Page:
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Hybrid Licensing The CLOUD Act and How to Safeguard Your Privacy

9. March 2020 – Michael Vilain
Dark Clouds

Passed in the wake of the dreadful happenings on 11th September 2001 in the following month of the same year, the Patriot Act not only brought massive cutbacks to American citizens' civil rights but also had profound implications for the privacy of personal data of other nations' citizens. Microsoft and Google went on to corroborate this a full ten years later by issuing announcements disclosing their obligation to pass on personal information from EU based data centres upon request of US authorities.

The Patriot Act was worded somewhat ambiguously concerning details of how cloud data stored outside of the "homeland" should be retrieved, however. A great number of legal disputes between US companies operating within the European jurisdiction and the US government ensued—with widely varying outcomes. Since then, on-premises data retention using local storage that had already been declared dead by some has in contrast gained new popularity with many European organisations and public authorities wishing to keep their sensitive personal data under their full control.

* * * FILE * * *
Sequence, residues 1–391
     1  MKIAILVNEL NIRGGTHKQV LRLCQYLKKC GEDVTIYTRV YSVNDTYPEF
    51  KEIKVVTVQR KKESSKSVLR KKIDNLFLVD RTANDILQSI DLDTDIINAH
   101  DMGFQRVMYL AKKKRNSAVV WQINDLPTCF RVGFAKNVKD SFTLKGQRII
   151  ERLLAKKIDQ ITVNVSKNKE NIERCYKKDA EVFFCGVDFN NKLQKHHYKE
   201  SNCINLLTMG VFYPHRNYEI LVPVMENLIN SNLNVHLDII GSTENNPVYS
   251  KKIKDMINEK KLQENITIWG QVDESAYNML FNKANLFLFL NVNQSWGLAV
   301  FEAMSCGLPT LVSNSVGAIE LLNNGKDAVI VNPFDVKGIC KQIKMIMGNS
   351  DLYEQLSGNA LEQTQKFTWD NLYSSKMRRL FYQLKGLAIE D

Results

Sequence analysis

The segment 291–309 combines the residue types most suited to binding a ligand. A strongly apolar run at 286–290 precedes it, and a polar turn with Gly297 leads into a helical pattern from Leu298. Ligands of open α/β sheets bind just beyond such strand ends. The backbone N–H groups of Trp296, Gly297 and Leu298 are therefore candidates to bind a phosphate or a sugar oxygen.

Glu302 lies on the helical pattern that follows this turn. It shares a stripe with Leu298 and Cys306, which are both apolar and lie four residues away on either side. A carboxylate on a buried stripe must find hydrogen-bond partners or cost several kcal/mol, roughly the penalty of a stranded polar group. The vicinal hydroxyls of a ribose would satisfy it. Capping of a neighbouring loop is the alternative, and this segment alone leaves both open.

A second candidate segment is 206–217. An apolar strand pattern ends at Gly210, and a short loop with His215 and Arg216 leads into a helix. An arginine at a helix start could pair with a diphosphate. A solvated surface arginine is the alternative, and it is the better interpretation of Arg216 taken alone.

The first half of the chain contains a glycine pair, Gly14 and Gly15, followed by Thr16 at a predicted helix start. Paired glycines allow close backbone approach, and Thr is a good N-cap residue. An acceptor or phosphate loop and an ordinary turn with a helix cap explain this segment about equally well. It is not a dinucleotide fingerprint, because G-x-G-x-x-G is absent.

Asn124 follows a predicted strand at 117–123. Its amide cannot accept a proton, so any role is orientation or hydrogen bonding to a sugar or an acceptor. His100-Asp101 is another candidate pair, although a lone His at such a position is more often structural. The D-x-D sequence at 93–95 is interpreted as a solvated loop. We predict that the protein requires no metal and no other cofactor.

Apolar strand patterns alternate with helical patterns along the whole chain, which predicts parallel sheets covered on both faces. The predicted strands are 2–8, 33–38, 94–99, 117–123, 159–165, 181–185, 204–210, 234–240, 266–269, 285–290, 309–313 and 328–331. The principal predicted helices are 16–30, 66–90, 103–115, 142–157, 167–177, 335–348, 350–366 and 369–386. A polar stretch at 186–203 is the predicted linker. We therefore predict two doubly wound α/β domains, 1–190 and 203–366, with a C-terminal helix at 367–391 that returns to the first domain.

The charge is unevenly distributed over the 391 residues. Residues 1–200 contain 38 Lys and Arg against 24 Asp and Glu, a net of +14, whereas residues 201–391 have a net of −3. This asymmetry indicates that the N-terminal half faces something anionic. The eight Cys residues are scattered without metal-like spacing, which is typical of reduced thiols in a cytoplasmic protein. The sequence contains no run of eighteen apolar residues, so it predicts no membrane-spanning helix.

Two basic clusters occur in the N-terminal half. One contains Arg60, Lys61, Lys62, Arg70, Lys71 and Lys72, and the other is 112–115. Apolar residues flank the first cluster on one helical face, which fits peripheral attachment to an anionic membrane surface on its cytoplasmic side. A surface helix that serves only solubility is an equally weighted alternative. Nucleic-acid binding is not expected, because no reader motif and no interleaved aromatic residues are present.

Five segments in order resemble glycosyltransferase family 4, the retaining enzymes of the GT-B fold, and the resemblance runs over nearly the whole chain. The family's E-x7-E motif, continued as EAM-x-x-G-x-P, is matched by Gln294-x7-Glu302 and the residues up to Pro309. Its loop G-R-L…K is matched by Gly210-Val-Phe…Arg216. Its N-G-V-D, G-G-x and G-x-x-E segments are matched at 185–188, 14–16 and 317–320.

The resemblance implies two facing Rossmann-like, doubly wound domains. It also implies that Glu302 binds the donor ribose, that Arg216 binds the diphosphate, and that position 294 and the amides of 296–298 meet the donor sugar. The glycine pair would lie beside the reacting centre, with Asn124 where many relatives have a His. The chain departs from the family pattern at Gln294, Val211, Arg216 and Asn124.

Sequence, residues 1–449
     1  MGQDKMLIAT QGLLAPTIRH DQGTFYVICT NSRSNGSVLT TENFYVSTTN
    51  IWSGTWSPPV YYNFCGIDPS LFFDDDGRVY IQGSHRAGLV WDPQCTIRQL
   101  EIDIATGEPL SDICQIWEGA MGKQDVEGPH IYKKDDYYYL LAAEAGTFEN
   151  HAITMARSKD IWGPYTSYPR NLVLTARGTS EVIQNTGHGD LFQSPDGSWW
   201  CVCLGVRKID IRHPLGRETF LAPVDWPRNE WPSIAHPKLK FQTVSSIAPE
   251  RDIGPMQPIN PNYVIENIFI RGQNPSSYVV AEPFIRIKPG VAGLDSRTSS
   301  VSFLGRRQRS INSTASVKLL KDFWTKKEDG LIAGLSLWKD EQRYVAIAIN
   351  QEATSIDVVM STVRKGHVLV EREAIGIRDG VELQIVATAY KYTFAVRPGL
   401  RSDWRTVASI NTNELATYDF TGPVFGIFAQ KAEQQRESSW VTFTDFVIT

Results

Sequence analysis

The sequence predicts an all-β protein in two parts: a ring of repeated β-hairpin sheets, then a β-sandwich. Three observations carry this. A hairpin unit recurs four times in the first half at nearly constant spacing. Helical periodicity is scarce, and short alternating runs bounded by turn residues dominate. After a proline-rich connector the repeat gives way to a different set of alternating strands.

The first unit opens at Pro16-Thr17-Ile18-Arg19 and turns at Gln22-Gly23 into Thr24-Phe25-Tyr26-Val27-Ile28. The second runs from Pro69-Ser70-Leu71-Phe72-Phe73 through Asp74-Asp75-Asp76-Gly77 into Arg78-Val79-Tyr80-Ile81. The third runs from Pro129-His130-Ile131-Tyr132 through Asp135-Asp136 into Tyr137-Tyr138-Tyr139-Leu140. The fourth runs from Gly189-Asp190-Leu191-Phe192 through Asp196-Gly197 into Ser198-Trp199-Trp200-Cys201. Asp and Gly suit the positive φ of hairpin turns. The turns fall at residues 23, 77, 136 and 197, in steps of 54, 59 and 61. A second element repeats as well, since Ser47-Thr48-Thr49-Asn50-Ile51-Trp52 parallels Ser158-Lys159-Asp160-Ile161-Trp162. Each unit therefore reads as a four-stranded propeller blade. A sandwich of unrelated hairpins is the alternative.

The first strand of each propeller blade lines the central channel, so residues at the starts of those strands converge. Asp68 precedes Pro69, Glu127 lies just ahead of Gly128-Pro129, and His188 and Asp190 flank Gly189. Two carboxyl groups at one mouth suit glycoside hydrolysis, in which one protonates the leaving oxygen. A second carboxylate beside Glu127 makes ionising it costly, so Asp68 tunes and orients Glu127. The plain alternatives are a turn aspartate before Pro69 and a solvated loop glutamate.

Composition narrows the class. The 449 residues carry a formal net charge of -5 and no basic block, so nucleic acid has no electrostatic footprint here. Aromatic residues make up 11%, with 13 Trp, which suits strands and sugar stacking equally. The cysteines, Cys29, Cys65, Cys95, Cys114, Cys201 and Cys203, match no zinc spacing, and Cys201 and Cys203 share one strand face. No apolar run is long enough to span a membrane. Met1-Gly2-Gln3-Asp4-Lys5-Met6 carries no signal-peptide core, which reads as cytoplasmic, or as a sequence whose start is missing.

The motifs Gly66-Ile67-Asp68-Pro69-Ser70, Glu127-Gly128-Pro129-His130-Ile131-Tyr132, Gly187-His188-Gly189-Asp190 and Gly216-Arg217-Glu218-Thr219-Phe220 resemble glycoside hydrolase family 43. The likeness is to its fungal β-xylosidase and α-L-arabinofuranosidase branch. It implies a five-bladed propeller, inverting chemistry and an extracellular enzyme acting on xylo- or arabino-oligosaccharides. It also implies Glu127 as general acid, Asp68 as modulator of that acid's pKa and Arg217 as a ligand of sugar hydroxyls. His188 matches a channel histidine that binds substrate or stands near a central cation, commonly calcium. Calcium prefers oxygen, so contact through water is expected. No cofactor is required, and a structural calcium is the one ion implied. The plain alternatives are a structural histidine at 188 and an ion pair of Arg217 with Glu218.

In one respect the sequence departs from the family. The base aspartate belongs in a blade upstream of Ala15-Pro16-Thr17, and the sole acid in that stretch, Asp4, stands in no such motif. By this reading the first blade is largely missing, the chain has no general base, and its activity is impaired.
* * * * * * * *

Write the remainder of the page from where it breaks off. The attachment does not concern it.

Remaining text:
GDPR Conflicts

In view of the so-called CLOUD (Clarifying Lawful Overseas Use of Data) Act, which has been in force since 23rd March 2018 and tightens the previous provisions, more organizations than ever will have started to wonder whether keeping all their data in cloud storage is such a wise thing to do. Fact is, the CLOUD Act allows US authorities in clear violation of the European General Data Protection Regulation (GDPR) to request disclosure of the full details of a person or organisation without those involved needing to be notified of the fact. Furthermore, the CLOUD Act enables the US government to enter into agreements with third countries that allow authorities of those countries to access data stored by US cloud providers as well.

Therefore, organisations wishing to exclude data privacy conflicts arising from the CLOUD Act from the beginning are well advised to design their IT strategy in a hybrid fashion and to work with a sensible blend of cloud and on-premises storage solutions. And anyone with a desire to keep an eye on their costs specifically as well might want to consider using pre-owned software for the on-premises part. Indeed, commercial on-premises software licenses transferred from a previous owner to a new user in a legally compliant way can enable cost savings of up to 70 % compared to purchasing new licenses.

copyright article image: © Amber Avalona/Pixabay

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